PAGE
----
Uranium mill company to ride out hit from Japan nuclear crisis
The stock price of the company planning a uranium mill in Montrose County is telling the story of events in Japan in recent days.
The stock of Toronto-based Energy Fuels Inc. was trading at more than 90 Canadian cents per share a week ago on the Toronto Stock Exchange, but closed at 46 cents Tuesday in the aftermath of an earthquake and tsunami that left some Japanese nuclear reactors imperiled and resulted in radiation leaks.
“The impact on the market is that the market perceives it as a negative, and the (uranium) demand goes down for the short-term. It will take a while to stabilize,” said Steve Antony, the company’s president and chief executive officer.
He said the result is probably a six-month delay in the company’s development plans for the mill, which recently received final regulatory approval from the state of Colorado. But such a delay already was expected because of a lawsuit by the Sheep Mountain Alliance, Antony said.
He said the circumstances in Japan will make obtaining financing for the mill trickier.
“Financing becomes a bit more difficult when the market has short-term withdrawals, so to speak,” Antony said.
Even though short-term uranium demand likely will drop as plants are shut down to address safety issues and possibly make corrections, Antony said, he is encouraged by word from Russia, India and China that the problems in Japan won’t defer their nuclear-power expansion plans.
Meanwhile, a Moab activist thinks the crisis in Japan will get Utah residents rethinking a proposed nuclear power plant near Green River.
Sarah Fields, program director for the nonprofit group Uranium Watch, said she thinks the federal Nuclear Regulatory Commission and the United States as a whole “need to take a hard look at nuclear power.”
“Even without this Japan emergency, which is really horrendous, I don’t think the NRC and the United States is really taking a look at what the implications are for the reliance on nuclear power,” she said.
She tries to imagine what would happen if a nuclear disaster occurred in Green River. Local medical facilities would be inadequate, and fallout could travel downwind as far as Grand Junction, she said.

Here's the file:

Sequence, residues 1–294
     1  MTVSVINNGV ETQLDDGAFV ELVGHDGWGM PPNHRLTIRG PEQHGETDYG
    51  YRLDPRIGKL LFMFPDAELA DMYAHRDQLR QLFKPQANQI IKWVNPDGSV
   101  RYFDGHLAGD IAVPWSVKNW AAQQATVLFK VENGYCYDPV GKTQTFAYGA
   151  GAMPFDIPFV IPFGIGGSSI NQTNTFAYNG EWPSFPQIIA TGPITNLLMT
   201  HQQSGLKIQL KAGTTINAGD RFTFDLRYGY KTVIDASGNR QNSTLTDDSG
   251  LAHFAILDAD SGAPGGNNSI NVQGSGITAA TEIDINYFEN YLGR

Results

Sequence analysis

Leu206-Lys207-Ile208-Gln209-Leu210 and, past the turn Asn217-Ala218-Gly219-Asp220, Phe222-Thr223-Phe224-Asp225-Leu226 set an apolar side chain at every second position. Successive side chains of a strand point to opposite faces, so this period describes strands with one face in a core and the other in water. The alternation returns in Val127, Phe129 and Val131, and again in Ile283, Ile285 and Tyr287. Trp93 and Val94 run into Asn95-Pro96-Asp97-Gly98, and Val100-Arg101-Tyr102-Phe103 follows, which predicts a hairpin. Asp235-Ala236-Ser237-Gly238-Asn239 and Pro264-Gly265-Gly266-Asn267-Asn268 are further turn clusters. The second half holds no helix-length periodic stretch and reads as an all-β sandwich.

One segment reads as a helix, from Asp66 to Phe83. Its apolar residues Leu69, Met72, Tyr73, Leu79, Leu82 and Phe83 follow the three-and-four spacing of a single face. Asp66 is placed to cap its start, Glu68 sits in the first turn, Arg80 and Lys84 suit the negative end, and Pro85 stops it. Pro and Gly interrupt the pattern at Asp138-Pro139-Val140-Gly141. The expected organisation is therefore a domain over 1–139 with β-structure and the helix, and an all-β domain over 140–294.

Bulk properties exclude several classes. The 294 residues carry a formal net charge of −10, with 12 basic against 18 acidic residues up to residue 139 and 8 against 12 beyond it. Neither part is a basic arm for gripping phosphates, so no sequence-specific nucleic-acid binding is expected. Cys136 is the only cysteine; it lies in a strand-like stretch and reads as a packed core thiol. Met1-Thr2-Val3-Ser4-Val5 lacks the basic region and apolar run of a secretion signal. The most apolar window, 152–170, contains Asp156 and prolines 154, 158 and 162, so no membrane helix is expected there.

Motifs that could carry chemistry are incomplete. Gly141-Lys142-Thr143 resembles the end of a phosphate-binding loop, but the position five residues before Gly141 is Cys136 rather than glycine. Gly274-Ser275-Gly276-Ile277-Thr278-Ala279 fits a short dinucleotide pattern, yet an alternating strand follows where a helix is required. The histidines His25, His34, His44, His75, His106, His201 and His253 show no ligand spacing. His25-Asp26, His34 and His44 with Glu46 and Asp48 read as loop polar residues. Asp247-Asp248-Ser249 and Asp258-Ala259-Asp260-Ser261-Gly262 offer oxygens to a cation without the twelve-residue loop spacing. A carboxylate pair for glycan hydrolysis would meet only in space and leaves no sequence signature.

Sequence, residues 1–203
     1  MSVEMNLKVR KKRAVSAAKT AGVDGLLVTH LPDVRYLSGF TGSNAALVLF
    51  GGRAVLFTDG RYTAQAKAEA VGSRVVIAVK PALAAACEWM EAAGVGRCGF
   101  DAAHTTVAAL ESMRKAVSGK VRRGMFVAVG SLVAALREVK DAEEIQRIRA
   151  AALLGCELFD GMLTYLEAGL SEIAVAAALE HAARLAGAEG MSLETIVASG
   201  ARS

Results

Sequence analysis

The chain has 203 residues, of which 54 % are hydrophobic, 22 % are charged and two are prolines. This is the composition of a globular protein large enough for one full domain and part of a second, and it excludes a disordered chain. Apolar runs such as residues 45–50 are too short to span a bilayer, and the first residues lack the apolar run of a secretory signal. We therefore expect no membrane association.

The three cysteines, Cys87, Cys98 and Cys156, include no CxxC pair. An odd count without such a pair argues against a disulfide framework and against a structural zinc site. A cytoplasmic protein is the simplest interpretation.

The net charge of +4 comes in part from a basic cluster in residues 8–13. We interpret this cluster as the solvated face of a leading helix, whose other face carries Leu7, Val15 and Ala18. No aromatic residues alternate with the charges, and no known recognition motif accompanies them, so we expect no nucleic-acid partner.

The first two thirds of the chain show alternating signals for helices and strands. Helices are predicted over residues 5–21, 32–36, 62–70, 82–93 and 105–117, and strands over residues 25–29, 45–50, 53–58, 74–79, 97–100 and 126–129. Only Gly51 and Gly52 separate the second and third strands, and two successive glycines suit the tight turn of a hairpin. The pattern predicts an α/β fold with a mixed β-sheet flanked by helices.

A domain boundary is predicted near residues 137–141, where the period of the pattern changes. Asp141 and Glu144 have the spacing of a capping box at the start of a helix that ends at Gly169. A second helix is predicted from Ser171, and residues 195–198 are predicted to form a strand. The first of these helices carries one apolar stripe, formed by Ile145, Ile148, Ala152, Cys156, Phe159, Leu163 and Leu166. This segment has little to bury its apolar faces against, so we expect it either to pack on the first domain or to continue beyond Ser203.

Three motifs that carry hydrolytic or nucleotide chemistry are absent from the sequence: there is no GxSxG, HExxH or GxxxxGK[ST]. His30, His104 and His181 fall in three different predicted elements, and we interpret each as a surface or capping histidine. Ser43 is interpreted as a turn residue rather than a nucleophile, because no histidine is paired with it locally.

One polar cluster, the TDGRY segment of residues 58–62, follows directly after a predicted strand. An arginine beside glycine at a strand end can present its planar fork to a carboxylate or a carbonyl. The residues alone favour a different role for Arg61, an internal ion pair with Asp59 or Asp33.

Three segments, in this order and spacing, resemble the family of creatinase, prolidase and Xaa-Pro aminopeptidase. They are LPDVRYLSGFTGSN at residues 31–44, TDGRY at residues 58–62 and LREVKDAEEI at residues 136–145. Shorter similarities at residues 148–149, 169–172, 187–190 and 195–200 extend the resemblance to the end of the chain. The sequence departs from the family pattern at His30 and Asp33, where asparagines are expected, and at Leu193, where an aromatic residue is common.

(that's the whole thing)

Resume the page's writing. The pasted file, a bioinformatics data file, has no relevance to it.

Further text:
“What would happen when I-70 is closed, when the railroad is closed down because of a nuclear accident? I mean, it would be horrific, just horrific. We don’t need this,” she said.
Although Green River doesn’t face much of a threat from earthquakes, much less tsunamis, Fields said, she long has questioned the feasibility of the proposed project there and believes it now faces a tougher battle for funding and political support.
“I think when people grasp the immensity of what happened in Japan, they’ll be much less inclined to support nuclear power plants,” she said.
Aaron Tilton, chief executive officer of Blue Castle Holdings Inc., which is pursuing the Green River project, said he doesn’t think the bipartisan support that exists for nuclear power will change. But he thinks the situation in Japan will result in more education of the public being required “for them to understand what took place and what is taking place in the U.S.”
The safety record of nuclear power in the United States is very good, Tilton said.
“A lot of the scenarios and considerations that they have in Japan just don’t apply to what we’re doing here,” he said.
The Green River plant would be required by the NRC to be designed to withstand natural disasters and emergencies, including even the possibility of a direct impact from a crashing jetliner, Tilton said.
“There’s another consideration: We’re not building 50-year-old technology,” he said.
As a result, the plant would benefit from things such as passive safety systems, including gravity-fed water that could be directed into the reactor core, unlike in Japan, where power outages meant pumps couldn’t deliver needed water.